Nectar, Nectaire, Nectarius, Nectaria

  • Origin: Greek
  • Meaning: “nectar.”

Nectar is the English form of the Greek Nektarios Νεκτάριος, which is derived from νέκταρ (nektar), meaning “nectar, the drink of the gods. Nectar is not a name that has ever been in common use in the English-speaking world, but since it is the name of several Eastern and Western Christian saints, the proper English male translation of the name would be Nectar; or it would have appeared thus in the calendar.

It was borne by St. Nectaire of Auvergne, a 4th-century Christian missionary to the Gauls in what is now the Massif Central region of France. According to Gregory of Tours, he was sent by Pope Fabian, along with his brothers, where he transformed a temple that was dedicated to Apollo on Mont Cornadore into a cathedral that still stands, and was subsequently beheaded by the local Gaulic chieftain. The commune of Saint-Nectaire in the Puy-de-Dôme department of France gets its name from him, as does the cheese of the same name; or the latter technically comes from the Marshal of Senneterre, which is a linguistic corruption of Saint-Nectaire.

Male forms include:

  • Nektarij, Nektary Нектарий (Bulgarian, Russian, Ukrainian)
  • Nectari (Catalan)
  • Nektarious (Coptic)
  • Nectarije (Croatian-Serbian)
  • Nectar (English)
  • Nectaire (French)
  • Nektari ნეკტარი (Georgian)
  • Nektarios Νεκτάριος (Greek)
  • Nettario (Italian)
  • Nectareus, Nectarius (Late Latin)
  • Nektārijs (Latvian)
  • Nektariusz (Polish)
  • Nectário (Portuguese)
  • Nectarie (Romanian)
  • Nectario (Spanish)

Feminine forms include

  • Nektaria, Nektarija Νεκταρία Nექთარიჯა Нектария (Coptic, Bulgarian, Georgian, Greek, Polish, Russian, Serbo-Croatian, Ukrainian)
  • Nectarie (French)
  • Nettaria (Italian)
  • Nectaria (Latin, Romanian, Spanish)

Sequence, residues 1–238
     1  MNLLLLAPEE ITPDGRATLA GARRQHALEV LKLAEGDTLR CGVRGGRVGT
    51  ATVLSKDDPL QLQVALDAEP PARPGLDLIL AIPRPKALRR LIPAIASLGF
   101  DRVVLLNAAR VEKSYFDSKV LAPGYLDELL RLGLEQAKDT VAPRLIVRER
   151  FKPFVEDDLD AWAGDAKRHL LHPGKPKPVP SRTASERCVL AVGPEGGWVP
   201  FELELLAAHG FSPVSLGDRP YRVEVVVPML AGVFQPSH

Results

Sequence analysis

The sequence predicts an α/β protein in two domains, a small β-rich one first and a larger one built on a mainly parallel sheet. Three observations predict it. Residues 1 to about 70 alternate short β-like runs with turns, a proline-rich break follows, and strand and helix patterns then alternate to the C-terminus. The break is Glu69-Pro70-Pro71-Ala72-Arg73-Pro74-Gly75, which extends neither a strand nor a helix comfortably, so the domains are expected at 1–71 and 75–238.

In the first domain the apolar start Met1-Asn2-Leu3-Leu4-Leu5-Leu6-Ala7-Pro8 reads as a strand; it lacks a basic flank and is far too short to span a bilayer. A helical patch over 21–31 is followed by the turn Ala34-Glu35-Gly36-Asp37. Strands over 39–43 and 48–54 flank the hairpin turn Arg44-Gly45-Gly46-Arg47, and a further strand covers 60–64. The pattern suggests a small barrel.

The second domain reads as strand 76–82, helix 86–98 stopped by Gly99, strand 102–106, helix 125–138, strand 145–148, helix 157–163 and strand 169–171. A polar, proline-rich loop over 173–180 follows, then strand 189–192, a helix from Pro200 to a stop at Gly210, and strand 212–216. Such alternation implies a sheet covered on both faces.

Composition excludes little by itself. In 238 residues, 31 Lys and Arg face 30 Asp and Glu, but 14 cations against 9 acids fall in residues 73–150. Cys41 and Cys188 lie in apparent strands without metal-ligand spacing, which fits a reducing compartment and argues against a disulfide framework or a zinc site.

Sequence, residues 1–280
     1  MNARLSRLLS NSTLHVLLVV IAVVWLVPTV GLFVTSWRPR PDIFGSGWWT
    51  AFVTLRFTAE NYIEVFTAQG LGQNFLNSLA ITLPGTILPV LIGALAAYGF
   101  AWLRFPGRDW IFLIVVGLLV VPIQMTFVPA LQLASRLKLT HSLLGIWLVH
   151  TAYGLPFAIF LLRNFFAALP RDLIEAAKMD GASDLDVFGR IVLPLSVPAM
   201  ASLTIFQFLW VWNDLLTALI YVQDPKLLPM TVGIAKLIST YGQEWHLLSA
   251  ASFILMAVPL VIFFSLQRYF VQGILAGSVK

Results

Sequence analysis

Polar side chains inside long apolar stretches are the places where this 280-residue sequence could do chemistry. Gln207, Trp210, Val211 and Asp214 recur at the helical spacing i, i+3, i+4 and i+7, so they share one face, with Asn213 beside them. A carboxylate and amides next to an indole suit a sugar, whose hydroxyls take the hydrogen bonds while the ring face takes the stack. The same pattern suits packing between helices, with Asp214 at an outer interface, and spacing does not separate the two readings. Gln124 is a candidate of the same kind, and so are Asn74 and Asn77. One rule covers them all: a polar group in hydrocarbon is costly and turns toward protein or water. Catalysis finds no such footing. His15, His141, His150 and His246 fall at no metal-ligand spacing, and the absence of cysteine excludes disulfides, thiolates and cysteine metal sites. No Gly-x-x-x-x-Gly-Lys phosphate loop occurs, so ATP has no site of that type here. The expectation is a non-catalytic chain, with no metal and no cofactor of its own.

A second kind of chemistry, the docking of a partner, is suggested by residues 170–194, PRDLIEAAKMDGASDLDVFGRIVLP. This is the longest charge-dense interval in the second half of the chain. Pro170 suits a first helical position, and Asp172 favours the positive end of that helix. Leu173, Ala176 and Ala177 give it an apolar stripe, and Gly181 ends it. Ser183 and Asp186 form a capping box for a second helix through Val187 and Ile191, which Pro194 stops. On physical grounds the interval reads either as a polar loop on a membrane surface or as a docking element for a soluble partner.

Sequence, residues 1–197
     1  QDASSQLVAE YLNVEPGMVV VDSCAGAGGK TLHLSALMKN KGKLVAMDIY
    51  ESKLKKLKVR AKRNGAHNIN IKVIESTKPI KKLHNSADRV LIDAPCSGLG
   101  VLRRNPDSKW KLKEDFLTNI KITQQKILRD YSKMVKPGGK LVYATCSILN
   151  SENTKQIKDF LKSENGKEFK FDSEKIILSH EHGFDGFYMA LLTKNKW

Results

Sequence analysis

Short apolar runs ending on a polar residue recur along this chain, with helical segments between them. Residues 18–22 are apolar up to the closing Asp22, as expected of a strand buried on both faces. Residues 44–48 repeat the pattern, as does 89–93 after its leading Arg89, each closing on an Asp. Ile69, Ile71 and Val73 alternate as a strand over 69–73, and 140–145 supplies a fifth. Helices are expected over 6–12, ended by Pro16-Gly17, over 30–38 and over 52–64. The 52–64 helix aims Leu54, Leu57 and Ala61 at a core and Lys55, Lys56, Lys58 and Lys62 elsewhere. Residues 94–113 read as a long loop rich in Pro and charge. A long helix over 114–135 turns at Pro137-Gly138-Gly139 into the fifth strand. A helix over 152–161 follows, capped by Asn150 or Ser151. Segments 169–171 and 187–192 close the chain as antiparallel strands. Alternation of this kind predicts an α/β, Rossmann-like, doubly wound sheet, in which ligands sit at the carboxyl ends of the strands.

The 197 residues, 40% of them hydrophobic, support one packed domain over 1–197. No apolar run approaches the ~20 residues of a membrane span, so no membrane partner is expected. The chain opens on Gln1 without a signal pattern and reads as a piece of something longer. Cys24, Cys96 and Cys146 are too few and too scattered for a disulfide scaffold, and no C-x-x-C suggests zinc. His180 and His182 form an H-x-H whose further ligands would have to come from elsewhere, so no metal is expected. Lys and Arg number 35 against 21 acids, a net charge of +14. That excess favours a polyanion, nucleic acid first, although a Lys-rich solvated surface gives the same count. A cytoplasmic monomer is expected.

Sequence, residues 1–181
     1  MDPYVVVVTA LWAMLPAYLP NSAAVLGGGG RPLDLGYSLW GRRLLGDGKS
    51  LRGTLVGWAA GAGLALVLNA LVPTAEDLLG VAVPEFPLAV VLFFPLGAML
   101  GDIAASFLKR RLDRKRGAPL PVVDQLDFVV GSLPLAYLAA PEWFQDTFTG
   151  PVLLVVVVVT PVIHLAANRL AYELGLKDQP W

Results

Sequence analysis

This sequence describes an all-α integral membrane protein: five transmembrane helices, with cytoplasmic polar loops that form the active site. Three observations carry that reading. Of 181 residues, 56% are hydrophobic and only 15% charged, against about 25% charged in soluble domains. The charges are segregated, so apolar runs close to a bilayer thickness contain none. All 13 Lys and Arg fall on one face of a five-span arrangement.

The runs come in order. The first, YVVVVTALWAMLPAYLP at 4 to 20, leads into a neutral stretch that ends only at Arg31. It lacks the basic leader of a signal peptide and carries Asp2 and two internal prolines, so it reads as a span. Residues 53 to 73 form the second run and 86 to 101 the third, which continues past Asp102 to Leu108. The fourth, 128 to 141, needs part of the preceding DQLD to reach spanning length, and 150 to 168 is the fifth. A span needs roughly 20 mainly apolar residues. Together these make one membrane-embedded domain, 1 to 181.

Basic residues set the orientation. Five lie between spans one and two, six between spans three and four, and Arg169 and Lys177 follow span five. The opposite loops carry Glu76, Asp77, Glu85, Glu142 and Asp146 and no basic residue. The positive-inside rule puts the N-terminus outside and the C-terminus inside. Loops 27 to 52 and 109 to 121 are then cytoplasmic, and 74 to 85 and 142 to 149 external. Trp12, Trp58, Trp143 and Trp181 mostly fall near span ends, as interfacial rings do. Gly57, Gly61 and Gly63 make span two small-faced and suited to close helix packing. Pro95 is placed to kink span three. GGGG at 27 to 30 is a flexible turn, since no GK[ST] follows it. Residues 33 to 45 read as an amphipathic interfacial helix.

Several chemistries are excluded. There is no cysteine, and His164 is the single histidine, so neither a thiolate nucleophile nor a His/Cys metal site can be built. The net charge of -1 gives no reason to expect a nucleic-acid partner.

• Nectária (Portuguese)

A modern male Greek diminutive form is Nektary and the Russian diminutive form for both the male and female form is Nechka.

Sources

Ramz, Ramzi, Ramza, Ramzia

  • Origin: Arabic
  • Meaning: “code, sign, mark.”

Ramiz رامز , Ramz رَمْز & Ramzi رمزي are Arabic masculine names which come directly from the Arabic word (ramz) رَمْز , meaning, “code, sign, mark, symbol, gesture.” It is ultimately derived from R-M-Z root in Arabic.

Ramzi appeared in the U.S. Top 1000 Most popular male names between 1973-1990 and peaked at #320 in 1982. It’s usage in the United States may have been influenced by immigrant groups who use the name (Southeastern European Muslims, Arab immigrants & Southeastern Asian Muslims immigrants), mixed with Anglophone parents who were probably using it as an alternate spelling for the English surname/place-name, Ramsey, which means “wild garlic island.” It should also be noted that during this time period, the use of Arabic names became especially popular among African-Americans.

The name is sometimes transliteration as Ramzy and I suppose in the English-speaking world it could also be transliterated as Ramsey.

The feminine forms are Ramza and Ramzia, spelled Ramziya Рәмзия in Central Asian & Turkic languages (Bashkir, Chechen, Tatar).

Other forms include:

Male

  • Remzi Ремзи (Albanian, Bosnian, Crimean Tatar, Turkish)

Female

  • Remzije (Albanian, Bosnian)
  • Remziye (Turkish)

Sources

Spyridon, Spyridoula

Spyridon is a Byzantine Greek male name which comes directly from the Greek word σπυρίδιον (spyridion), meaning “basket.” Other sources suggest it is a hellenised form of the Latin Spiritus (spirit). It was popularized by a 4th-century Greek saint who played a key role in the Council of Nicaea. He is revered as the patron saint of Corfu and of potters.

His feast day is December 12.

Spiro & Spyros are its short forms, while Spyridoula is the femininine form.

Spiro was borne by the 39th vice president of the United States, Spiro Agnew (1918-1996).

It was borne by Spyridon Louis, the first modern Olympic Gold medalist in the 1896 Summer Olympics.

Forms and usage include:

  • Spiridoni, Spiridhoni (Albanian)
  • Asbiridun اسبيريدون (Arabic)
  • Spiridon Спиридон (Assyrian, Bulgarian, Croatian, German, Lebanese-Arabic, Romanian, Serbian)
  • Espiridió, Espiridó (Catalan)
  • Spyridon Σπυρίδων (Coptic, French, Greek)
  • Špiro (Croatian)
  • Spi’ridon სპირიდონ (Georgian)
  • Spiridione, Spiridone (Italian)
  • Spirydon (Polish)
  • Espiridão (Portuguese)
  • Spiridón (Russian)
  • Espiridón, Espiridión (Spanish)
  • Spyrydon Спиридон (Ukrainian)

Italian feminine forms include: Spiridiona & Spiridona.

Sources

Stylian, Stelian, Stylianos, Steliana

  • Origin: Greek